Use this URL to cite or link to this record in EThOS: http://ethos.bl.uk/OrderDetails.do?uin=uk.bl.ethos.379899
Title: Palaeoclimatic significance of open-marine cyclic sequences
Author: Weedon, Graham Peter
Awarding Body: University of Oxford
Current Institution: University of Oxford
Date of Award: 1987
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Abstract:
The offshore facies of the basal Lias of S.Britain was studied as a typical example of an open-marine cyclic sequence. The sedimentology, geochemistry and power-spectral analysis were investigated in order to understand the cause of the interbedded rock types. Three sediment types were deposited on the sea-floor: light marl, dark marl and laminated carbonate-rich shale. Calcite microspar, the dominant carbonate component, appears to have been formed from the neomorphic aggradation of coccoliths supplied in zooplankton faecal pellets. During sulphate reduction, the most carbonate-rich horizons in the light marl and laminated shale beds were cemented by carbonate, producing early diagenetic limestone and laminated limestone beds and nodules. Walsh power-spectral analysis of several measured sections in the basal Lias indicate that two regular sedimentary cycles, with periods of tens of thousands of years, are present. The regularity, stability and periods of the cycles invokes the Milankovitch Theory of orbital forcing of sedimentation; the cycles thus probably represent periods of 41,000 and 21,000 years. The sedimentation appears to have been linked to climatic variation by the levels of runoff and the formation and destruction of wedges of brackish water. During dry periods relatively little runoff and low clay input allowed turbulent, oxygenated bottom-waters and the deposition of burrowed, organic-poor marl. During wet periods, brackish wedges caused widespread density stratification, bottom-water anoxia and high clay inputs that resulted in laminated shale beds. Walsh power spectra were generated for one Silurian, five Upper Lower Jurassic, one Kimmeridgian and one Oligocene formation. Unexpectedly the Early Jurassic appears to have been dominated by the Milankovitch cycles related to obliquity and precession rather than eccentricity. Of the thirteen spectra produced, including five from the basal Lias, ten (or about 80%) contain evidence for regular sedimentary cycles consistent with orbital forcing of sedimentation. Therefore the Milankovitch Theory should be considered whilst investigating open-marine 'cyclic' sequences.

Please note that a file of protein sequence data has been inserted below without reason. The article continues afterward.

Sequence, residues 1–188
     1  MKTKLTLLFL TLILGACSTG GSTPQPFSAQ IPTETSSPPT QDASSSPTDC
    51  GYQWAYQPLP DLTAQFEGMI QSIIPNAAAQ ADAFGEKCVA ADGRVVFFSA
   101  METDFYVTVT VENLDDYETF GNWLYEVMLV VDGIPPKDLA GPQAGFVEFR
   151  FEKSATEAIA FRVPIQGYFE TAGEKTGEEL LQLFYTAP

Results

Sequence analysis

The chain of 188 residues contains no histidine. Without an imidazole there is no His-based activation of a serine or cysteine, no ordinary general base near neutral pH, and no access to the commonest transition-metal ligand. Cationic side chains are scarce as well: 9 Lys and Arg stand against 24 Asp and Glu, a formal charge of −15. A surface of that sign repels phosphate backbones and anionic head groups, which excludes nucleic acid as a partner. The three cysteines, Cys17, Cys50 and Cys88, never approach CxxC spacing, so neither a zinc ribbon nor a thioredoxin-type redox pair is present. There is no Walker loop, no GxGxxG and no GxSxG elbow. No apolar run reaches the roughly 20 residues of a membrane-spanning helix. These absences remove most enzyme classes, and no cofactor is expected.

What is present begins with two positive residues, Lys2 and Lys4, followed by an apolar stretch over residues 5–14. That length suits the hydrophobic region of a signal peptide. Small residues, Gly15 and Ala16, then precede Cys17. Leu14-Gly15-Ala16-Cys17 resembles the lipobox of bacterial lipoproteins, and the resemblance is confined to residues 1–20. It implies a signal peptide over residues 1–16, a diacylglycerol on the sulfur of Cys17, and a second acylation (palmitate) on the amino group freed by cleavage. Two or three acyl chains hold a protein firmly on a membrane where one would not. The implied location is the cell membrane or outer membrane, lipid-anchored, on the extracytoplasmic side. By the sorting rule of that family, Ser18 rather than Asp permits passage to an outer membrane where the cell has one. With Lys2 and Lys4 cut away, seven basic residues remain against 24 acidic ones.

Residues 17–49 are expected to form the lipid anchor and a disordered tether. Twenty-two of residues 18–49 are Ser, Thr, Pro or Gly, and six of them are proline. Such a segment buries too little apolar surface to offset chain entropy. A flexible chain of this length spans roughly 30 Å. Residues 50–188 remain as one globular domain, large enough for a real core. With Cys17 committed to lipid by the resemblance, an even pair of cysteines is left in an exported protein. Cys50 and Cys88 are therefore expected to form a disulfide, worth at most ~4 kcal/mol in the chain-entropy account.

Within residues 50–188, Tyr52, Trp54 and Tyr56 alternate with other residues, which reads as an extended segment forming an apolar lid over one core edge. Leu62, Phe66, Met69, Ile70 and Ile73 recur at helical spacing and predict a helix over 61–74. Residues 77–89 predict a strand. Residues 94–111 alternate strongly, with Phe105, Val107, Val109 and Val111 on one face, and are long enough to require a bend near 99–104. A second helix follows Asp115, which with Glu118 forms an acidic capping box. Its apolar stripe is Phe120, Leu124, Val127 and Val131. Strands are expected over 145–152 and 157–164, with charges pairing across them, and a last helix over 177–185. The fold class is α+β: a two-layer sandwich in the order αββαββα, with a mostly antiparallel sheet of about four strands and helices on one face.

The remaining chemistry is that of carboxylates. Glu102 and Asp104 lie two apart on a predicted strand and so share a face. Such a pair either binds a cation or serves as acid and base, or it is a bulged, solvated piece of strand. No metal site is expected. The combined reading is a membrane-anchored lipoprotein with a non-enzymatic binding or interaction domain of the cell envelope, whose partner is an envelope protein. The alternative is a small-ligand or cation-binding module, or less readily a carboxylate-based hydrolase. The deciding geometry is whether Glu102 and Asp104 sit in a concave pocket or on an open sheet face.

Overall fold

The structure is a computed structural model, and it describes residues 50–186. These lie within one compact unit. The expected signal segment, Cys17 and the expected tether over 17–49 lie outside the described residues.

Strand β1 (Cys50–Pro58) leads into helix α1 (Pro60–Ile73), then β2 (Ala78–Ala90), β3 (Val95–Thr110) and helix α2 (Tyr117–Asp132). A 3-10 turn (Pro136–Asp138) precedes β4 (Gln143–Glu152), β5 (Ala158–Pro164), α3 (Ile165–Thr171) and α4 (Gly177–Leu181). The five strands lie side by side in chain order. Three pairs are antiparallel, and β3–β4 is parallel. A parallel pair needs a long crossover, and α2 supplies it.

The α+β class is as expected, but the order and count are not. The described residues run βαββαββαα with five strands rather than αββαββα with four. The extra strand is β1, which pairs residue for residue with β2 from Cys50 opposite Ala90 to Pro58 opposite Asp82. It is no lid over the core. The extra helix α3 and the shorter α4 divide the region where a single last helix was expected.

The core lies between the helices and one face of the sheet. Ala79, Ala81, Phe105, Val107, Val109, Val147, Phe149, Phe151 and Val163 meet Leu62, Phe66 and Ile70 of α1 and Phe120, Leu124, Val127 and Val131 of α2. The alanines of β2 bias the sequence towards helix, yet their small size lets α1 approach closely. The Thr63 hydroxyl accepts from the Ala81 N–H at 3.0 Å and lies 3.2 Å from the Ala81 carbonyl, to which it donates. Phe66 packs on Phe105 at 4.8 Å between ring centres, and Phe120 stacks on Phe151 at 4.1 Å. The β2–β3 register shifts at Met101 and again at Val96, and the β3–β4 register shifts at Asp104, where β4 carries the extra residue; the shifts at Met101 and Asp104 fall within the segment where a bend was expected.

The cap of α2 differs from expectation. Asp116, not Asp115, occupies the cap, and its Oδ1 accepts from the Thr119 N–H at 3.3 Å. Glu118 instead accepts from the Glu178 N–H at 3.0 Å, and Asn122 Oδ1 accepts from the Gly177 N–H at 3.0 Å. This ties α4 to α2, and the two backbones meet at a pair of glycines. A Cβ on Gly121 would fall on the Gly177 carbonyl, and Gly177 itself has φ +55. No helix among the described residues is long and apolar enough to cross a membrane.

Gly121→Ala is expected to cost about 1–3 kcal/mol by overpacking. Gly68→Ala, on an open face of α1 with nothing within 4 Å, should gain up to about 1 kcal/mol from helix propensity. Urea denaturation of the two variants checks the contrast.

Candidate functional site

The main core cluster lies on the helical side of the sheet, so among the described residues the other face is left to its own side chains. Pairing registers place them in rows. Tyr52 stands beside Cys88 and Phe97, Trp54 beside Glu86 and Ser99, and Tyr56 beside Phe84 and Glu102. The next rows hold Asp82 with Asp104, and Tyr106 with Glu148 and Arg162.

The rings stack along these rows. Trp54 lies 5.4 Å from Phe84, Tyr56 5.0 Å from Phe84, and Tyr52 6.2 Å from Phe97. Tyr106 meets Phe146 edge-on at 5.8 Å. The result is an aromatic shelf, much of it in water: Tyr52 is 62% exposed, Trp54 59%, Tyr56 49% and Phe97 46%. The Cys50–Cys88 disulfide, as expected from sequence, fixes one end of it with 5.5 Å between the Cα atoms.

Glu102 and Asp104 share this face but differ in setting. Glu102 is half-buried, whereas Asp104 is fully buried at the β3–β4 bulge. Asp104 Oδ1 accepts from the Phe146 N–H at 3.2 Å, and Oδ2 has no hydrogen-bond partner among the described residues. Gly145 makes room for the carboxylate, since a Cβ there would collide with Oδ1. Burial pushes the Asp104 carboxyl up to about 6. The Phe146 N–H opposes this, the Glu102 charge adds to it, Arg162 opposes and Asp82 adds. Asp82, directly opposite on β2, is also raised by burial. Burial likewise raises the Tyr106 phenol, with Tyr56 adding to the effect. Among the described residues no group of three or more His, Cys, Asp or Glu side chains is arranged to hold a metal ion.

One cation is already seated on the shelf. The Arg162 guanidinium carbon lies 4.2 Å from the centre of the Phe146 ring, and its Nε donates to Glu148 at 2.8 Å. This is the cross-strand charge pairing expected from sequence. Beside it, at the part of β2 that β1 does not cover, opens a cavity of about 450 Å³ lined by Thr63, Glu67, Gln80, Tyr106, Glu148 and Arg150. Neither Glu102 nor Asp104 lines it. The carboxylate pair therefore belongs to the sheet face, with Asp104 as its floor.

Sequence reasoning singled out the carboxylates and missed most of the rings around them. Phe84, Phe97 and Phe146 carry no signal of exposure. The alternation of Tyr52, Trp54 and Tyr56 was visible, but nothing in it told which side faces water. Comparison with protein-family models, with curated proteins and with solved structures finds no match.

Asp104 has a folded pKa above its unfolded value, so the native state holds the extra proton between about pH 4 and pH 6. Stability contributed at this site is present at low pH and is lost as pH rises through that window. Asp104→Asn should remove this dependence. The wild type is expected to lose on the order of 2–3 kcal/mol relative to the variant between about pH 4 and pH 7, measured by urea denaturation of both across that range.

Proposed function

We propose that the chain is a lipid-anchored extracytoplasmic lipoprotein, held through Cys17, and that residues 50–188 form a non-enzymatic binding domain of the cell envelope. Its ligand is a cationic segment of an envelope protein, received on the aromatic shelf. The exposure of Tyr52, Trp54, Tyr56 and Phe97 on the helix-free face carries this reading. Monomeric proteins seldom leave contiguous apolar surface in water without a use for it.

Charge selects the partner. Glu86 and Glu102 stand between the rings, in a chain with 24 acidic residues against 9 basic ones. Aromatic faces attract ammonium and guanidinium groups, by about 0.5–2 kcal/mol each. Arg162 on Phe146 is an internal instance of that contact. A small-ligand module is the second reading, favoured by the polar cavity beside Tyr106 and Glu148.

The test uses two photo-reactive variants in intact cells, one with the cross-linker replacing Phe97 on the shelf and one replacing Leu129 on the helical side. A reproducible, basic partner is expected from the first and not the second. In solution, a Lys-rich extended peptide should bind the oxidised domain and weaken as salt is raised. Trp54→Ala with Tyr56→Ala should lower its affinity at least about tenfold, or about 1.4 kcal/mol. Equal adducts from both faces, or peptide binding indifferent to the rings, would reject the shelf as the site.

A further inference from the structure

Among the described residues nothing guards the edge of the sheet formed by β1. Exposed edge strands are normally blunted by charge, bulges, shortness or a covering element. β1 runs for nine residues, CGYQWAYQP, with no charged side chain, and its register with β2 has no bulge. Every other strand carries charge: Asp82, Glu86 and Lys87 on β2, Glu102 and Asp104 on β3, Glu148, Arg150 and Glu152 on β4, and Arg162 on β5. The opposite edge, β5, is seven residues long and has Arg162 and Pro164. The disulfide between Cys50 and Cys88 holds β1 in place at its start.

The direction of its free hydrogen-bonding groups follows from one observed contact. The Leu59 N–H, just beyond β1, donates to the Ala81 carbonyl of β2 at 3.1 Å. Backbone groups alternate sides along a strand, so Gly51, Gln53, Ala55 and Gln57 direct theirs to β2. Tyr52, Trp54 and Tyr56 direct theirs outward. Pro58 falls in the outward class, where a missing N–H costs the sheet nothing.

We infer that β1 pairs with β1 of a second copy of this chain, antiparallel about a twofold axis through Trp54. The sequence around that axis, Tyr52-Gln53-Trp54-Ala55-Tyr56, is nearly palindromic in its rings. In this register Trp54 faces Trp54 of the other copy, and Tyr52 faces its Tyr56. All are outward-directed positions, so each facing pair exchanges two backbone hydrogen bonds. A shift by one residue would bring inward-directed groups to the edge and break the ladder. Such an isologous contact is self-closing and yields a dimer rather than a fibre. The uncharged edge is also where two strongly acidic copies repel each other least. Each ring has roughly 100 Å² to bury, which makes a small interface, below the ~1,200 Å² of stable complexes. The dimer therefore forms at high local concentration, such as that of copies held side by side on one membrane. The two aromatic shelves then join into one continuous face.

Supervisor: Jenkyns, H. C. Sponsor: Not available
Qualification Name: Thesis (Ph.D.) Qualification Level: Doctoral
EThOS ID: uk.bl.ethos.379899  DOI: Not available
Keywords: open-marine cycle sequences ; Cyclostratigraphy ; Paleoclimatology ; Jurassic Geology Mineralogy Sedimentology Geochemistry
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